1a. Getting Started: An Introduction to DataEast/Sega Pinball
      DataEast pinball (then Sega pinball, and now Stern Pinball!) is really a Gary Stern company. Mr.Stern is a very smart businessman. His approach to business is, "copy the industry leader". At the time when DataEast started out in 1987, Williams was the industry leader of pinball. Hence Mr.Stern copied Williams. So closely, that DataEast's system of pinball circuit boards resembled Williams' system at that time (System 11). Keep this in mind when repairing any 1987 to 1995 DataEast/Sega pinball. Stern (DataEast/Sega) is the industry leader now!

    1b. Getting Started: Experience, Schematics
      What Repair Experience Is Expected?
      Little experience in fixing pinballs is assumed. Basic electrical knowledge is helpful, but not necessary. It is assumed you can solder and use the basic features of a Digital Multi-Meter (DMM) such as measuring voltage and resistance. Please see http://marvin3m.com/begin for details on the basic electronics skills and tools needed. This document should help if you just bought your first (or second, or third) pinball "as-is", and hope to fix it.

      Got Schematics?
      Having a schematic for the game would be ideal, but sometimes it can be fixed without it. Schematics can be ordered from one of the sources on the suggested parts & repair sources web page. Note this repair guide is NOT a replacement for the game manual and schematics!

      Schematics are available on the internet too. Adobe Acrobat is needed to view most files.

    1c. Getting Started: Necessary Tools
      Fixing electronic pinball games will require a few tools. Luckily, most are not that specialized and are easy to get.

      Non-Specialized Tools Required:

      • Work Light: clamp style lamp
      • Screwdrivers: small and medium size, phillips and flat head
      • Nut Drivers: 1/4", 5/16", and 11/32"
      • Wrenches: 3/8", 9/16", 5/8" required, other sizes suggested
      • Allen Wrenches: get an assortment of American sizes
      • Needle Nose Pliers
      • Hemostat. Handy for holding parts and springs. Best to have both the curved and straight versions if possible.

      Specialized Tools Required:

      • Soldering Iron.
      • Rosin Core 60/40 Solder.
      • De-soldering tool.
      • Digital Multi-Meter (DMM).
      • Hand Crimping Tool: Molex WHT-1921 (part# 11-01-0015), Molex part# 63811-1000, Amp 725, or Radio Shack #64-410.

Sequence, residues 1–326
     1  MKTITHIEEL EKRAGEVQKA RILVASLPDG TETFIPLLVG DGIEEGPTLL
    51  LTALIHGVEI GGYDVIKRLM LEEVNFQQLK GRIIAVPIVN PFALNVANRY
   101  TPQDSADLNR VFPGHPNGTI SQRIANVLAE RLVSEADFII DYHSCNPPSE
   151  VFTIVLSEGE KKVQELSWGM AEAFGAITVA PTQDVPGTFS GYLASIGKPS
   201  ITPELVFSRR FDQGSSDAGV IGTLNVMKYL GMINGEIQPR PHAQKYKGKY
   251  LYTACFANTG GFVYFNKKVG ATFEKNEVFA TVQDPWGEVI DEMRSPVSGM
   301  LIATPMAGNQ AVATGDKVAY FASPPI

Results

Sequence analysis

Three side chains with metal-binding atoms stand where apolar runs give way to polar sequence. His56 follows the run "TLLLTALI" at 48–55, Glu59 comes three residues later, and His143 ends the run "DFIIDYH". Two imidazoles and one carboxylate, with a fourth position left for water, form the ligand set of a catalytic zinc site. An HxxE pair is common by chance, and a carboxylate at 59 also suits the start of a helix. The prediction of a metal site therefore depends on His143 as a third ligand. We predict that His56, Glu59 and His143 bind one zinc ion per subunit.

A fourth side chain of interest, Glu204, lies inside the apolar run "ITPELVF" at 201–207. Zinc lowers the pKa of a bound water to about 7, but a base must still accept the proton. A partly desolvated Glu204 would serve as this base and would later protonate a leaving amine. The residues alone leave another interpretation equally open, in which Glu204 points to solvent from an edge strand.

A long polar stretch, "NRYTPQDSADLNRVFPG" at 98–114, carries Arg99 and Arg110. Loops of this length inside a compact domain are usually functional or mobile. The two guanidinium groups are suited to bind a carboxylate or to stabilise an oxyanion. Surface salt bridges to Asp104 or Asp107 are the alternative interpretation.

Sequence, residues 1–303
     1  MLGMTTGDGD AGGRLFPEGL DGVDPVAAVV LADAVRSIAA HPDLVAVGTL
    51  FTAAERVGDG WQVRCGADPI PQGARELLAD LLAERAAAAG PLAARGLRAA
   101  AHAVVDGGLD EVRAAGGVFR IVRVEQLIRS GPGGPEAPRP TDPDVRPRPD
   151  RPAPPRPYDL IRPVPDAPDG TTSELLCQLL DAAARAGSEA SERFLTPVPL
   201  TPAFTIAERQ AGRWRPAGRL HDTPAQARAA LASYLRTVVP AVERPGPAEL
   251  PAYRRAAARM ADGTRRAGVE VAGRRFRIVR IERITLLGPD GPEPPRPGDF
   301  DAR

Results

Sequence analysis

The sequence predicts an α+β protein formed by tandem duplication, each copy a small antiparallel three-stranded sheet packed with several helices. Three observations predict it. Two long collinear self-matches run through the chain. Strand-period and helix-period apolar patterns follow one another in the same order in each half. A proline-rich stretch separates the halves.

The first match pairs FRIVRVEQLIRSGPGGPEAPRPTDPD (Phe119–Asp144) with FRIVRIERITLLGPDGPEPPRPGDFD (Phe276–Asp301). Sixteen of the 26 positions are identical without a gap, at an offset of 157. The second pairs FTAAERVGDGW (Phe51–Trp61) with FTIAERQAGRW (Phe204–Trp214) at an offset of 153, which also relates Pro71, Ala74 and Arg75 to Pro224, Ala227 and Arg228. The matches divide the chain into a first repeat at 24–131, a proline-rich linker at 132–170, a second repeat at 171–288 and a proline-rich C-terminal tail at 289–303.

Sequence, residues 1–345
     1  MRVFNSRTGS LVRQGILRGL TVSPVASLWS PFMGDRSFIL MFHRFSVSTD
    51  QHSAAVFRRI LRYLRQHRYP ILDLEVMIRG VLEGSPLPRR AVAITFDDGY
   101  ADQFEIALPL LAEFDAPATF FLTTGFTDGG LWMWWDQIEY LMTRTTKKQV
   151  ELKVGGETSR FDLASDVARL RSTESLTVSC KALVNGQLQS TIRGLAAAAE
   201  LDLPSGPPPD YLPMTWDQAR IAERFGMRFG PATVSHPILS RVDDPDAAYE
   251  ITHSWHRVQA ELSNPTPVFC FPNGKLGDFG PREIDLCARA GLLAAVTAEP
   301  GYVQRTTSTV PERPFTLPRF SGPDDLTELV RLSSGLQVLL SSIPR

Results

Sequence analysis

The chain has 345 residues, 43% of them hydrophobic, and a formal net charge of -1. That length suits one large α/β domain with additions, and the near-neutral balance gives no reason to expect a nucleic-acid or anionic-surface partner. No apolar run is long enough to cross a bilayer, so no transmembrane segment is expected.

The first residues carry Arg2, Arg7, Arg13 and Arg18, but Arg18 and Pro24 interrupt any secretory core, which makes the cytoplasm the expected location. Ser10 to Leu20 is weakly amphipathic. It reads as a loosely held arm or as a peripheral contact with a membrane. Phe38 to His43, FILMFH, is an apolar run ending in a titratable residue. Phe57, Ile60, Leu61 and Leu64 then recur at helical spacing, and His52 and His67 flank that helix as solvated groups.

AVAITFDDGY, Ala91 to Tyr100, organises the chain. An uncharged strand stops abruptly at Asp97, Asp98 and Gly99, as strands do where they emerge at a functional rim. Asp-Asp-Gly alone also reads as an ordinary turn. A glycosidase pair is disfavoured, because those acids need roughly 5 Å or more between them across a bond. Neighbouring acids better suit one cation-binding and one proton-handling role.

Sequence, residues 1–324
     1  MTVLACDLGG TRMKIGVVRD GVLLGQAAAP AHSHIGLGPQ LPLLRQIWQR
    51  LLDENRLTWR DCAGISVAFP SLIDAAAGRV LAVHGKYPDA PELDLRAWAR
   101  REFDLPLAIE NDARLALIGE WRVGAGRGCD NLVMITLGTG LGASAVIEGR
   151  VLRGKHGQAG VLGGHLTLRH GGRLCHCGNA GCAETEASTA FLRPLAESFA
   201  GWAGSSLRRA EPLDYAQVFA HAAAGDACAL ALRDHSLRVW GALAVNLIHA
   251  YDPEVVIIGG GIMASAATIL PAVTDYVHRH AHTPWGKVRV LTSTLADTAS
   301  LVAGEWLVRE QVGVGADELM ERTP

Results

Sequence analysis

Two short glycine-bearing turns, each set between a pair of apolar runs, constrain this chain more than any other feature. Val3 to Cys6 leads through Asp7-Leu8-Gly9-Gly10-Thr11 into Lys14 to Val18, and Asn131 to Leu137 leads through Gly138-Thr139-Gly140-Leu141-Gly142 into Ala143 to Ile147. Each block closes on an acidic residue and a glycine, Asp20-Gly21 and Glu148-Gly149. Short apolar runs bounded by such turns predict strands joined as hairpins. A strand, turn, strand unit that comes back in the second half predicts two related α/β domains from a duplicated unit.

• Alligator clips and wire.

      These are electronics tools needed for most repairs. Please see http://marvin3m.com/begin for details on the basic electronics tools needed.

      Cleaning "Tools" Required:

      • Novus #2 (for cleaning playfields and ramps). The recommended cleaning product by DataEast/Sega, as described in service bullentin 38a.
      • Novus #3 (for polishing metal parts)
      • Johnson's Paste Wax or Trewax (for waxing playfields and cleaning rubber)
      Novus can be purchased at many places (my local grocery store sells it), or from any good pinball vendor. Novus2 is the recommended playfield cleaner for all DataEast/Sega games. See their service bullentin #38a for details, by clicking here. Millwax is not recommended because it uses harmful solvents, but some like it (mostly because they have been around for a LONG time and are used to it). Do not use any Wildcat products! They react with acrylic plastics, with which most DataEast/Stern playfields and ramps are coated. Johnson's paste wax or Trewax can be purchased at a local hardware store.

    1d. Getting Started: Parts to Have On-Hand
      When fixing electronic pinballs, it is highly recommended having some parts on-hand to make things easier and cheaper. All these parts are available from a pinball retailer.

      Parts to have:

      • #47/#44 light bulbs: have 20 or so around. Fifty is plenty to do most games. Number 47 bulbs are suggested instead of #44 bulbs, as they consume less power and produce less heat. They also put less stress on illumination circuits and connectors. Since they are less bright, a good compromise is to use #44 bulbs for the computer controlled lights, and #47 bulbs for the general illumniation.
      • #555 light bulbs: have 20 or so around. Fifty is plenty to do most games.
      • #906 or 912 flash bulbs: have 10 or so around.
      • #89 flash bulbs: have 10 or so around.
      • Fuses: have five of any needed value on hand at all times.
        Get 250 volt fuses, not 32 volt. Radio Shack sells fuses for a decent price. Slow-blo fuses are known as MDL fuses. Fast-blo fuses are known as AGC fuses. At minimum: 1/4 amp slo-blo, 1/2 amp slo-blo, 2 amp slo-blo, 4 amp slo-blo, 5 amp slo-blo, 7 amp slo-blo, 8 amp fast-blo.
      • Nylon Coil Sleeves: the longer 2 3/16" length (Stern part# 545-5388-00, Wms part# 03-7066-5) are used when rebuilding flippers. The 1.75" length (Stern part# 545-5031-00, Wms part# 03-7066) are used for pop bumpers, etc. Sleeves with a lip (Stern part# 545-5076-00, Wms part# 03-7067-5) and tubing on each side (known as an "inline" sleeve) are used on kickers, knocker, etc.
      • Flipper Plunger/Link: used when rebuilding flippers. Stern part# 515-5822-00, Williams part# A-15847 or A-10656.
      • Flipper Link Spacer Bushings: these small bushings go inside the flipper links. Stern part# 530-5139-00.
      • Flipper playfield nylon busing: Stern part# 545-5070-00.
      • Entire flipper plunger, link and flipper pawl. Stern part# 515-5051-00 (same for both right and left side). This is the "old style" flipper pawl; the new style flipper parts (starting with Apollo13) are not interchangable with the older style parts.
      • Flipper Coil Stops: used when rebuilding flippers. Stern part# 515-5346-00.
      • Flipper Plastic Actuator: high wear part, activates the EOS switch. Stern part# 545-5084-00. Not included with the flipper pawl (515-5051-00) assembly.
      • Flipper EOS Switch: Stern part# 180-5124-01.